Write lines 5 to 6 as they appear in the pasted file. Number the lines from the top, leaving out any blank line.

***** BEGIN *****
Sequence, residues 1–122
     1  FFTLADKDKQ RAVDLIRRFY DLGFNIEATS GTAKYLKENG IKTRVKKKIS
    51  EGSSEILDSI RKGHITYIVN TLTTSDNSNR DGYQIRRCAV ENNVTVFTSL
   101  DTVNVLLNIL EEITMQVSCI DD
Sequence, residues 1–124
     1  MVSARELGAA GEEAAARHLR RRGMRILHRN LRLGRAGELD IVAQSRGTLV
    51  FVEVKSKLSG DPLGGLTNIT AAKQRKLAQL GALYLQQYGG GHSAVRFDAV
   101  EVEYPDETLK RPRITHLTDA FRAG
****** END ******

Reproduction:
Sequence, residues 1–124
     1  MVSARELGAA GEEAAARHLR RRGMRILHRN LRLGRAGELD IVAQSRGTLV